Pro Football Focus Grades The Steelers’ Recent Drafts

Pro Football Focus is preparing for the upcoming draft by revisiting recent drafts from 2009 to 2011 on a team-by-team basis and seeing how those draft picks turned out a few years down the road, assigning a number grade based on performance and draft value.

The Pittsburgh Steelers were on deck yesterday, and as one would imagine, there’s some good and some bad, and plenty to either agree or disagree with.

While the Steelers didn’t come away with any +2.0 ratings, which PFF describes as a Tom Brady-esque combination of success and value, they did manage a +1.5 in Antonio Brown, who as a sixth-round draft pick has made it to two Pro Bowls and one second-team All-Pro team through his first four seasons. He’s still young and growing. Perhaps in time he may wind up being a +2.0 when he hangs it up.

Pittsburgh’s next-best combination of success and value goes back to the wide receiver position again, and needless to say belongs to Mike Wallace, who signed massive contract with the Dolphins in the last free agency period. Wallace was highly prolific during his first three seasons, but struggled a bit in year four. Still, he consistently put up touchdowns while slowly climbing up the depth chart. He was always a big play waiting to happen.

There was a quintet of players given a value of +0.5, but perhaps the most controversial of those five would be tackle Marcus Gilbert, who has started 34 games at right tackle in his first three seasons, including every game last year. As a (late) second-round pick, his play has been highly scrutinized, perhaps to unrealistic degrees. Nevertheless, the Steelers have three tackles and they need to find out which two are the future this year.

A pair of cornerbacks is also in the +0.5 range with Keenan Lewis and Cortez Allen getting the nods. Lewis was a late bloomer who contributed next to nothing in his first two seasons before doing a solid job in sub-packages in year three and then emerging as a quality starter in his final year with the team. Had he played last year with the Steelers, perhaps the site would have given him a higher grade, as he excelled in New Orleans last year with four interceptions.

Allen is also in position to ascend higher in the site’s rankings, which describes him as “a starter who has looked the part of a good No. 2 corner at the very least”. He greatly exceeded expectations during his first two years with the team, but somewhat underwhelmed last year when given the starting job, in part because he was hampered by injuries. Year four is the year for him to prove that he can be a reliable mainstay in this defense for years to come.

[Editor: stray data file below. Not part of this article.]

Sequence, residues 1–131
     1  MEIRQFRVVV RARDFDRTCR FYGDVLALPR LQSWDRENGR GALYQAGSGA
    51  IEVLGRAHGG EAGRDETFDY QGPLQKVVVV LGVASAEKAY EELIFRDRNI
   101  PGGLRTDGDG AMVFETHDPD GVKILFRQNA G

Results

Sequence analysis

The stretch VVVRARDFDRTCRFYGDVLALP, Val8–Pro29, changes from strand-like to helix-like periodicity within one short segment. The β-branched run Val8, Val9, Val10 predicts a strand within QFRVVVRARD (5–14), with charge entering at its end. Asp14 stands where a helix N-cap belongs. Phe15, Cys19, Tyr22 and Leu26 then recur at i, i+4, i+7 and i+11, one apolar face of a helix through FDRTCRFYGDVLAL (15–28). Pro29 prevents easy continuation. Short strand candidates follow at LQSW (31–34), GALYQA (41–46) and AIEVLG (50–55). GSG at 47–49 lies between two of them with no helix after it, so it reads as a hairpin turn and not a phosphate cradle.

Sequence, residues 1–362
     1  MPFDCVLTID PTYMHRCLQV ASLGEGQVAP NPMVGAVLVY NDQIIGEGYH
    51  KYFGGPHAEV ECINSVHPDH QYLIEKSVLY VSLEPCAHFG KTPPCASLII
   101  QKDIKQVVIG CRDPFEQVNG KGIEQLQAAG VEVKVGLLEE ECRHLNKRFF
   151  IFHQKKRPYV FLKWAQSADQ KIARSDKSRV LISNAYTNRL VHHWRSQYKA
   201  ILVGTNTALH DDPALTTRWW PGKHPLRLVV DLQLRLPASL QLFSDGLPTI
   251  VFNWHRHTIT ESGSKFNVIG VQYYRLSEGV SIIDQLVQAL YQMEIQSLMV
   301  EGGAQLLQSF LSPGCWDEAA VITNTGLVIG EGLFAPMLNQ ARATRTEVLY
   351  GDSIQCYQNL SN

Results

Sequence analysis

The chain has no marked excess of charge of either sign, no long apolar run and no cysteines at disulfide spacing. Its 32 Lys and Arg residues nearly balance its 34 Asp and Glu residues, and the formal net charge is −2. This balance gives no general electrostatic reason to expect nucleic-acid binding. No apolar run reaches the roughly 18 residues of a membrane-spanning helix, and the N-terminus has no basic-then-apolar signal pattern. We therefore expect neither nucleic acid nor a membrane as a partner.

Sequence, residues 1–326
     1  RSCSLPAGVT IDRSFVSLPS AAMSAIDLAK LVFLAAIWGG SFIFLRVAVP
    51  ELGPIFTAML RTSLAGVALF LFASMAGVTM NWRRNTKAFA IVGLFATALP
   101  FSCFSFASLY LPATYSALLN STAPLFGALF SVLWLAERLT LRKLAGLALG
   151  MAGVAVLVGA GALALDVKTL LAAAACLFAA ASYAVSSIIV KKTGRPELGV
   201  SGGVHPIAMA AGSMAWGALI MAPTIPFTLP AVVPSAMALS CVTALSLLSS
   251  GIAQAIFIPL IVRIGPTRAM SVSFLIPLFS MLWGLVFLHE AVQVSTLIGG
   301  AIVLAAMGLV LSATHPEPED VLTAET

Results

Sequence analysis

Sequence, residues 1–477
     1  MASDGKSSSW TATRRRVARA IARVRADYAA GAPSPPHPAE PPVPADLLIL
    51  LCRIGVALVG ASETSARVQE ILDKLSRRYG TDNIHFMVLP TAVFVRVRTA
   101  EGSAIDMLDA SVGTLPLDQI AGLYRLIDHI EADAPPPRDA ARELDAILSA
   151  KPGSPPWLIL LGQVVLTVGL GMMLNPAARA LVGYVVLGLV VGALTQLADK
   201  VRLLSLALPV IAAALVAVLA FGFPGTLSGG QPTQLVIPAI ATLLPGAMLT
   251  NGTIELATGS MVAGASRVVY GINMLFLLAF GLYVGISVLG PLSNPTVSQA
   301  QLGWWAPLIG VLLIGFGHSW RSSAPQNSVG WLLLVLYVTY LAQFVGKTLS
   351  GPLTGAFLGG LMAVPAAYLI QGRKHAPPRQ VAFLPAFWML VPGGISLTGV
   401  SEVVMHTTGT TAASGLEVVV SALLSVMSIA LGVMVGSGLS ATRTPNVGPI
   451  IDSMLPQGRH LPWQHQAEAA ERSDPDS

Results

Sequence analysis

Among the many even 0.0 grades are two interesting names in former high draft picks, Jason Worilds and Cameron Heyward. Both are players that were kept back by talent ahead of them on the depth chart and who only got their breaks last season. They both appear to be on the ascent.

There are also a slew of -0.5 grades, mostly full of late-round picks who only stuck around for training camp or one season, but the name that sticks out like a sore thumb is Maurkice Pouncey. It’s no secret that PFF is down on Pouncey perhaps more than anybody that isn’t a Steelers’ fan who doesn’t want to pay him big money. And a top-20 pick is certainly not disproportionate value. But a negative grade for Pouncey just seems silly. No matter how overrated you might find him to be, he has to be an even grade at worst.

Ziggy Hood is the big name that stands out among the -1.0 grades, the lowest given to any of the team’s picks. The site writes that “he was the opposite of an impact player”, and frankly it’s hard to disagree with that. Certainly he’s been the least impactful starting defensive end the team has had in a while, and it’s not a surprise to see him gone.

Another -1.0 grade that they gave the Steelers was for guard Kraig Urbik, which needs to be qualified. Urbik as a draft pick was a perfectly fine choice. He has grown into a solid, if not above average starter with the Bills. The Steelers gave up on him too soon, instead choosing to hold on to Doug Legursky. The pick itself wasn’t the issue.

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